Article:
04 Aug One-dimensional view of domestic violence perpetrators can harm survivors
It can be easy to demonize domestic violence perpetrators. Anyone who has worked with survivors of coercive control can attest to the pain and suffering abusers inflict on their family members. Horror and hatred are normal and common feelings toward people who harm others. It’s human to be angry or feel disgusted when seeing news, reports, or evidence of their violence. From those feelings, it is a short hop to label perpetrators as one-dimensional monsters who only deserve punishment or exile from the family and community.
At the same time, the survivors we are working with may be expressing their love and desire for connection with the very same person who has perpetrated harm against them. For those working to keep a survivor safe or engaging in child protection efforts, a survivor’s statement of “I still love him” often elicits a raft of judgments and worries. These can range from blaming her for failing-to-protect to the armchair diagnosis of trauma bonding. Often the assumption is that if she still loves him, she is unwilling or unable to protect herself or her children. In the minds of many, her continuing love automatically brands her as the problem, especially when it comes to child safety.
When her statements of love crash up against a professional one-dimensional view of the perpetrator, the survivor is often the loser. Her love becomes evidence of her poor judgment and her “denial.” From there, it is a short step to the survivor’s choices and behaviors, not the perpetrator’s, becoming the focus of interventions with family. This easily paves the way for child removal when the context is a child protection case.
So, what’s the problem?
The problem is that continuing feelings of love do not automatically mean a survivor cannot keep themselves and their children safe. Feelings of love may have no relationship to the protective capacities of a survivor or their willingness and ability to keep themselves and their children safe. (How many people express love for a parent who abused them but would never leave their children alone with them?) Her feelings of love are no reason to blame her for the perpetrator’s choices to harm the children. Nor are they reasons to turn our attention away from intervening with the perpetrator.
The real problems are:
- When professionals and others think a survivor must stop loving an abusive partner.
- When we cannot acknowledge the complexity of a survivor’s feelings and still maintain a focus on partnering with her and intervening with the perpetrator.]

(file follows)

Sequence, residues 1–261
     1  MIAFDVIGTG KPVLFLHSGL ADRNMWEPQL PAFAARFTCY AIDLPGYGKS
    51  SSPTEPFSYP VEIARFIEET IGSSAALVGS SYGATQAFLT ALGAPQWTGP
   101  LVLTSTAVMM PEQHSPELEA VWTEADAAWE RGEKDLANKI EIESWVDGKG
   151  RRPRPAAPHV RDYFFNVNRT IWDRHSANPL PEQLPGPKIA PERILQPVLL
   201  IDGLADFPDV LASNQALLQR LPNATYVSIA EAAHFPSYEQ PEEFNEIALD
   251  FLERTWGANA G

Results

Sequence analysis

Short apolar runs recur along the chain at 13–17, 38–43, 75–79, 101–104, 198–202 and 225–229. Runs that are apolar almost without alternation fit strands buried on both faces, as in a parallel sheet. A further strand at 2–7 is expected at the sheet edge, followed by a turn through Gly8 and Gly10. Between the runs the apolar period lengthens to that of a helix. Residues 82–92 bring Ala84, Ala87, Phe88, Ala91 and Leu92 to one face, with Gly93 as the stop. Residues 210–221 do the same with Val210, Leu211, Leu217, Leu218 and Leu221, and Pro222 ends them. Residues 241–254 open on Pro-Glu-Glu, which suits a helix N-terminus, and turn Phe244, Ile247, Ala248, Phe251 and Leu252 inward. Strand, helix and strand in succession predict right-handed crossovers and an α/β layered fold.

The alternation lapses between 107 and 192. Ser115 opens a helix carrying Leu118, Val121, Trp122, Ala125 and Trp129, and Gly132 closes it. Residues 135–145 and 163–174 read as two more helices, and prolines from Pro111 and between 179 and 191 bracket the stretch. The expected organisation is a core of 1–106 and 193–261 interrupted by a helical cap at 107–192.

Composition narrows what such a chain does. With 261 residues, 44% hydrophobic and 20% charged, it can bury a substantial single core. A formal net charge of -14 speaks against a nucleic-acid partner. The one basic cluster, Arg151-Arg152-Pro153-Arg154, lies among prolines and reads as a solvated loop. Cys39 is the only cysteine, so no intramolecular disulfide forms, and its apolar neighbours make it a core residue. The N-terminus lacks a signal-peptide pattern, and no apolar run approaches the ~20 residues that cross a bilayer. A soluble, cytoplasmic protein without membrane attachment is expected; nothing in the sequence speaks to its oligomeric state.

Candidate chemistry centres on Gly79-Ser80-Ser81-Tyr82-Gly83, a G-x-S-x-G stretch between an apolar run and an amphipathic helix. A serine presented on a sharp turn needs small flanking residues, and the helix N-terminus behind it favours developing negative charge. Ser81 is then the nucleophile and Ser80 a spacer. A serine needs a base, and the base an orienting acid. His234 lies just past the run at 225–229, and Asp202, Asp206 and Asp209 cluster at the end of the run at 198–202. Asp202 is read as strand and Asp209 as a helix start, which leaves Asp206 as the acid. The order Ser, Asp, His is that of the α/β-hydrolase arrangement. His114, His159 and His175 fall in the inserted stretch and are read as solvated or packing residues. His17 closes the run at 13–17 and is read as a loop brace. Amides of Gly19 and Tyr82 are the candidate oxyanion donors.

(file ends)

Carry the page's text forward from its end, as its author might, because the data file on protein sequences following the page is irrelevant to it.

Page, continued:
- When we start forcing survivors to adopt our one-dimensional view of perpetrators when we should be aligning ourselves more with her complex feelings about her situation.
In this way, it’s the professional’s inability to “walk and chew gum’ at the same time. Put another way, acknowledging her love while still partnering with her is the problem.
One-dimensional views of perpetrators and associated judgments of survivors’ feelings are an injustice to the complex reality and dangers faced by survivors and their children. The simplistic view means missing critical opportunities to support survivors as they sort through the complex reality of co-parenting with a person using coercive control and violence. We may also miss opportunities to help children understand the conflicting and confusing feelings they have about their parents.
A survivor may enjoy a perpetrator’s sense of humor, share his cultural values, or appreciate his role as a father to their children. She may feel connected to the person that he used to be–someone who treated her lovingly. She may feel his importance in the life of children, and their love for him is reflected in her continuing expression of his importance to her.
Ultimately, he’s not a stranger who assaulted her but someone who she shares memories, values, and children with. He is someone she once chose and who chose her. He’s her partner and the father of her children. These are two of the most important roles a person can fill in our lives. He may play a critical day-to-day role in the family, such as coaching little league sports, maintaining cars and the house, helping with homework, and cooking dinner. This is an important part of the survivor and children’s experience of him.
Being an ally to survivors and their children requires us to understand and value her experiences, priorities, and point of view on the perpetrator.
FAILURE TO LISTEN
When we fail to listen to survivors’ complex feelings and perspectives, we can fail at Partnering with survivors. The Safe & Together Model approach to Partnering requires us to do six things:
- Be clear in how we identify the perpetrator as the source of the harm to the children.
- Focus on gathering information from the survivor about the perpetrator’s pattern of behavior